DURHAM, N.H. - High tide floods, or so-called "nuisance flooding," that happen along shore roadways during seasonal high tides or minor wind events are occurring far more frequently than ever before. Researchers at the University of New Hampshire have found that in the past 20 years roads along the East Coast have experienced a 90 percent increase in flooding - often making the roads in these communities impassable, causing delays, as well as stress, and impacting transportation of goods and services.
"This could be just the beginning of impact on these areas," said Jennifer Jacobs, professor of civil and environmental engineering. "With the continued rise in sea levels, nuisance-flood frequency is projected to grow and the effect on the physical roads and the people that live along the coastline is concerning."
In their study, recently published in the journal Transportation Research Record, the researchers found that tidal nuisance flooding threatens over 7,500 miles of roadways along the entire East Coast, with over 400 miles of that being interstate roads. They estimate that this causes over 100 million hours of delays each year for drivers on those roads and that number could rise to more than 3.4 billion hours by 2100. By the middle of the century (2056 -2065), they predict nuisance flooding could occur almost daily at specific sites along the shores of Connecticut, New Jersey, Maryland, the District of Columbia, North Carolina, and Florida under an intermediate sea-level-rise scenario.
"As tidal coastal flooding increases in the coming years, there will also be issues with the transportation infrastructure," said Jacobs. "We've already seen billions of dollars in damage to coastal roadways from recent hurricanes. In the future, with rising sea levels, we expect to see more frequent issues, more damage, and impact to roadways even farther inland."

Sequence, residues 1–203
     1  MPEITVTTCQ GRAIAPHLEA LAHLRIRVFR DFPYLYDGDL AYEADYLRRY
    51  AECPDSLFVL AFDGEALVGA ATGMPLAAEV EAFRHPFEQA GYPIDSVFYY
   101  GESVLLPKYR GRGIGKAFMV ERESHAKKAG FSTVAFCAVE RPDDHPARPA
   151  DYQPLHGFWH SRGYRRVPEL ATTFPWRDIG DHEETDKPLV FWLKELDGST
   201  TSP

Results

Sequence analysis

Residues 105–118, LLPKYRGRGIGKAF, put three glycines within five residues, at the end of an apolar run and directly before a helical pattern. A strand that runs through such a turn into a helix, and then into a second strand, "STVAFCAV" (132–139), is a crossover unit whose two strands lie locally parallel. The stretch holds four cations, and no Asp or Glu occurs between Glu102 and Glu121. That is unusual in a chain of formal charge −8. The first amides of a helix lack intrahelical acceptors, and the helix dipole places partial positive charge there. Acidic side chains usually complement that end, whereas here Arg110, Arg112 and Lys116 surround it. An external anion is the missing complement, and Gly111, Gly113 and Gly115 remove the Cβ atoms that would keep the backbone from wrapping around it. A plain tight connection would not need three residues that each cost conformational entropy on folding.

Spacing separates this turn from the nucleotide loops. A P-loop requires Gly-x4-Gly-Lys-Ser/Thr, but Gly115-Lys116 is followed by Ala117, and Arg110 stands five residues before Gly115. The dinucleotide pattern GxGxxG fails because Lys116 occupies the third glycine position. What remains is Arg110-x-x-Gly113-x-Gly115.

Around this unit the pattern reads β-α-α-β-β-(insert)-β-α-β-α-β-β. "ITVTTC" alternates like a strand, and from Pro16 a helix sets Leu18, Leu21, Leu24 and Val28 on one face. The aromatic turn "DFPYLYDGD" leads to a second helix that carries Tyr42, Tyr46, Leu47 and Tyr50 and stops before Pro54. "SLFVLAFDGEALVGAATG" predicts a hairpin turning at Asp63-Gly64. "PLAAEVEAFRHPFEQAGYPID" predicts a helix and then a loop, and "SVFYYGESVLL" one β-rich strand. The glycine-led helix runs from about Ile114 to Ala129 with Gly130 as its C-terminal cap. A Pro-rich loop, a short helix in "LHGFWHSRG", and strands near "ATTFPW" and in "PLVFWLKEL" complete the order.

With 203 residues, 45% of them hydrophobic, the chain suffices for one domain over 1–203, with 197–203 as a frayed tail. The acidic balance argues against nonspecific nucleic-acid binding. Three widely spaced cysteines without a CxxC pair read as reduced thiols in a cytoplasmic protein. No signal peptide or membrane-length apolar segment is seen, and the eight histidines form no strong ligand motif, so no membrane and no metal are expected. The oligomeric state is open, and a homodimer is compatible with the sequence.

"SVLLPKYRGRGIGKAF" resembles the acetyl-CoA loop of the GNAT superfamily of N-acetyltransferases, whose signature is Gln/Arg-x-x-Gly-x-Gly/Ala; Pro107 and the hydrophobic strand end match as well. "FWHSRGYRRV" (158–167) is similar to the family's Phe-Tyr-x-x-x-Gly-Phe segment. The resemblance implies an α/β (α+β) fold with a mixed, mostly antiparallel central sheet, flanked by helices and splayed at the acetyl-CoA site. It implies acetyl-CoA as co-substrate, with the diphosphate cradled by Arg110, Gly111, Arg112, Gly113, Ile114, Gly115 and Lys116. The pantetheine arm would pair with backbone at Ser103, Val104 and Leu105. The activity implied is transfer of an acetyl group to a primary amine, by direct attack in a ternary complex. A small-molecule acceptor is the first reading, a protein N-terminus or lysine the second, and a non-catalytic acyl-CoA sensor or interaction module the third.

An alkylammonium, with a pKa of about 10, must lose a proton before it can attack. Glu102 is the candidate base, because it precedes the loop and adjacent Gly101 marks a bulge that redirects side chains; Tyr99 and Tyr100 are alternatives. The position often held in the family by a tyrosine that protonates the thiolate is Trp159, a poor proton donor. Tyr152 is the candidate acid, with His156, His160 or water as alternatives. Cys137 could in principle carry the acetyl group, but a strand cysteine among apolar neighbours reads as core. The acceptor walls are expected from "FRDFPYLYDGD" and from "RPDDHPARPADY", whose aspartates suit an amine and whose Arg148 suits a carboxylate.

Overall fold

Researchers note that these impacts are not limited to storm events. They say that critical transportation infrastructure is at risk from sea level rise alone; which numerous transportation agencies project to be between one to eight feet, along the U.S. Atlantic and Gulf Coasts.
The researchers say that the goal of this study is to better understand the type and extent of roadway infrastructures that are vulnerable to high tide flooding and the transportation impacts now and in the future due to sea level rise. This study focuses on the East Coast of the United States and includes all coastal states from Maine to Florida, including the Gulf Coast of Florida and Key West.
Vulnerable roads were identified using data from the Federal Highway Administration's Highway Performance Monitoring System and National Oceanic and Atmospheric Administration's Center for Operational Oceanographic Products and Services. They looked at flood frequency maps, tidal gauge historic observations, and future projections of annual minor tidal flood frequencies and durations.
This research was funded by U.S. National Science Foundation research grant (CBET-1231326).
The University of New Hampshire is a flagship research university that inspires innovation and transforms lives in our state, nation and world. More than 16,000 students from all 50 states and 71 countries engage with an award-winning faculty in top ranked programs in business, engineering, law, liberal arts and the sciences across more than 200 programs of study. UNH's research portfolio includes partnerships with NASA, NOAA, NSF and NIH, receiving more than $100 million in competitive external funding every year to further explore and define the frontiers of land, sea and space.
Images to Download:
CAPTION: Roads closed due to high tide floods in Portsmouth, N.H.
Photo credit: Lisa Graichen/UNH
CAPTION: Driver ventures down flooded road made impassable by coastal flooding in Rye, N.H.
Photo credit: Kim Reed
CAPTION: Flooded roads around Prescott Park in Portsmouth, N.H. after coastal storm in March, 2018.
Photo credit: Melissa Paly
CAPTION: Damaged infrastructure closes road along Rye Beach in Rye, NH after coastal storm in March, 2018.
Photo Credit: Kim Reed